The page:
Anyway. Anybody else know of any American cartoonists who draw really hot men? Inquiring minds want to know, preferably before my next visit to Hub.
cerusee: a white redheaded girl in a classroom sitting by the window chewing on a pencil and looking bored (so badass)
Oh Gil. It's not enough to marry you, I want to clone you a thousand times and marry all the clones as well, you hot sexy clever mad scientist, you.
cerusee: a white redheaded girl in a classroom sitting by the window chewing on a pencil and looking bored (piracy is our only option)
I can't tell you the original author is on this; the poster implies that it was first posted on the Yahoo Girl Genius group, but doesn't explicitly say whether he wrote it. But it's too awesome not to share:

(transcribed from the records of House Wulfenbach by Psychological
Warfare Historian Scott Malcomson [Offices of the French Inquisition,
Rue de Main 196, Paris])

You batter not chout, you batter not cry,
Eschcaping ist out, you batter not try,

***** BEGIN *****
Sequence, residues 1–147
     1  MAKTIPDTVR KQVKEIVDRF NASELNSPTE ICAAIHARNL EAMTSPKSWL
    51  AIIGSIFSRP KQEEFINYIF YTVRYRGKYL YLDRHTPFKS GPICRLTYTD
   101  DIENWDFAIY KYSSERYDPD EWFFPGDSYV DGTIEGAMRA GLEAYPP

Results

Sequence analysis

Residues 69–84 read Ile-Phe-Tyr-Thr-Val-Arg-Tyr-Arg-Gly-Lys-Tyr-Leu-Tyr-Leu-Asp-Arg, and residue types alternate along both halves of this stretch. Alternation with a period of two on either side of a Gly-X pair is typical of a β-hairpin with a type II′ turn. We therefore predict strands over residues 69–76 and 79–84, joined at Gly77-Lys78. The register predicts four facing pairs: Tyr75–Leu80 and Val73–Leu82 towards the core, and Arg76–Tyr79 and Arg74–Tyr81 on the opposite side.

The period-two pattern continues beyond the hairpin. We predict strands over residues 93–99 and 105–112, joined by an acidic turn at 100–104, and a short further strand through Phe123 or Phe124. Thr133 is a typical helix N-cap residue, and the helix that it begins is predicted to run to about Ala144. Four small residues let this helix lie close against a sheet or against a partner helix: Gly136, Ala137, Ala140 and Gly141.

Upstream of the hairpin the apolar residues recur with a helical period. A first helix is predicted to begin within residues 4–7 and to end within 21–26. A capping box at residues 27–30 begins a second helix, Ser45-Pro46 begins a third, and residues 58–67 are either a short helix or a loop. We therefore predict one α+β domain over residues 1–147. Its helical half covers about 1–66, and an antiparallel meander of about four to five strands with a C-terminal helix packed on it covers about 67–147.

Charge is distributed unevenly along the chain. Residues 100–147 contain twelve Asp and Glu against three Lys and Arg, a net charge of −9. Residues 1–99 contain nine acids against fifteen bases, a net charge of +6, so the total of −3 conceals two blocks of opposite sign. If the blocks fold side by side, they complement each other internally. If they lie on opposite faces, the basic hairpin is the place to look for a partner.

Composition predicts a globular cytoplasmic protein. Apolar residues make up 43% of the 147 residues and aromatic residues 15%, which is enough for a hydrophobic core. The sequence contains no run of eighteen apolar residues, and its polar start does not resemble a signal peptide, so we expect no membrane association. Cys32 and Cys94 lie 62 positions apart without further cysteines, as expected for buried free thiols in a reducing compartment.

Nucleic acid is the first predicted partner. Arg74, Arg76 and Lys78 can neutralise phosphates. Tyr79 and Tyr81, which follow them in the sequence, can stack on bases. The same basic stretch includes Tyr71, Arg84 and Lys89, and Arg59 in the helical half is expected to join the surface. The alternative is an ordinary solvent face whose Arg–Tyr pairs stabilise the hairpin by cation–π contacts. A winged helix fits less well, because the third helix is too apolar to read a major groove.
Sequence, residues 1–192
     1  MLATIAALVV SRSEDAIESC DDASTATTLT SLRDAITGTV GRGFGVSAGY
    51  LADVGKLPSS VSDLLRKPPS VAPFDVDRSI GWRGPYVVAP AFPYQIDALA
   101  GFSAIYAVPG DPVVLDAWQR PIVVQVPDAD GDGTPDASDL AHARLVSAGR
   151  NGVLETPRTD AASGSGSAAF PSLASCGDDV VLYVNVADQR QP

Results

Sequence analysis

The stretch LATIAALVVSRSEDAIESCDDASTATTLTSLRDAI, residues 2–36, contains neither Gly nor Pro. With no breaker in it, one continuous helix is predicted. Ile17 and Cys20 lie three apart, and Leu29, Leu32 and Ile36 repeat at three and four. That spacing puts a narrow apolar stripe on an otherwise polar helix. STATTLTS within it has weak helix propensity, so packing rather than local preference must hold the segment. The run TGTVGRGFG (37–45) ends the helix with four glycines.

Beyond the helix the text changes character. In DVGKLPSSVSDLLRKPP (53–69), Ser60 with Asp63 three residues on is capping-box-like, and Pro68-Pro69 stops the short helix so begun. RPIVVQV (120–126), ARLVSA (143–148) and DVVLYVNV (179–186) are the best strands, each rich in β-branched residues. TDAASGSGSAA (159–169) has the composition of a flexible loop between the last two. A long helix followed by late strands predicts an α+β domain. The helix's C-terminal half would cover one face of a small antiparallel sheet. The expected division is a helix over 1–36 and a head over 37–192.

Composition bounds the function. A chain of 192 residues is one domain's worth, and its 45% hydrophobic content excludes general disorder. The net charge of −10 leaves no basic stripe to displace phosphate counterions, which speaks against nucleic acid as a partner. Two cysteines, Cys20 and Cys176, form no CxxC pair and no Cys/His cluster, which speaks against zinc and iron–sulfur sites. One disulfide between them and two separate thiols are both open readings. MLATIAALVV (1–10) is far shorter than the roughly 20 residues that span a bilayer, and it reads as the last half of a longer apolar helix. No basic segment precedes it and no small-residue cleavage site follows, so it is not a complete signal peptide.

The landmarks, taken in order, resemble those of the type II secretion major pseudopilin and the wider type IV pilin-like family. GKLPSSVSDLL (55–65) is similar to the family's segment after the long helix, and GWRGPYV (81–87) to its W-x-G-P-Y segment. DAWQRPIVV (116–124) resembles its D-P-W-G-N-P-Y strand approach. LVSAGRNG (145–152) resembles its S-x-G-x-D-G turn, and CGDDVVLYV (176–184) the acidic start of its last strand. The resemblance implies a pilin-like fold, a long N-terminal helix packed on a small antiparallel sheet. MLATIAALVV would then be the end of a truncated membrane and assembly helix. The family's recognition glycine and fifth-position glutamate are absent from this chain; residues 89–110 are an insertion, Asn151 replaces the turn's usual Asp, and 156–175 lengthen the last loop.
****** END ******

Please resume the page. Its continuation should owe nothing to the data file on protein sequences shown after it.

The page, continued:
Santa Klaus ist comink to your town!

He's makink up lists,
Undt checkink dem tvice,
All der Schpark house-holds batter play nize!

Santa Klaus ist comink to town!

He seize you vhen you schleepink,
His hostage for to take,
Dat way der Schparks dey all play goot,
Zo be GOOT!...for you own zake...!

You batter not chout, you batter not cry,
You batter vatch out, I'm tellink you vhy,

Santa Klaus ist comink to YOUR town!
cerusee: a white redheaded girl in a classroom sitting by the window chewing on a pencil and looking bored (Default)
Item the first:

Fruits Basket vol. 13.

Kyo. Is sex.

b) Girl Genius really isn't just about Foglio's fondness for drawing women with huge round firm boobies. It's also about the incredible sexual magnetism of the hunky mad scientists. Or to put it another way, it's perfectly natural to be Wulfenbachsexual.

iii) My manager is hot and I think I have a crush on him.

But that's neither here nor there.

4) Salty Dog IV: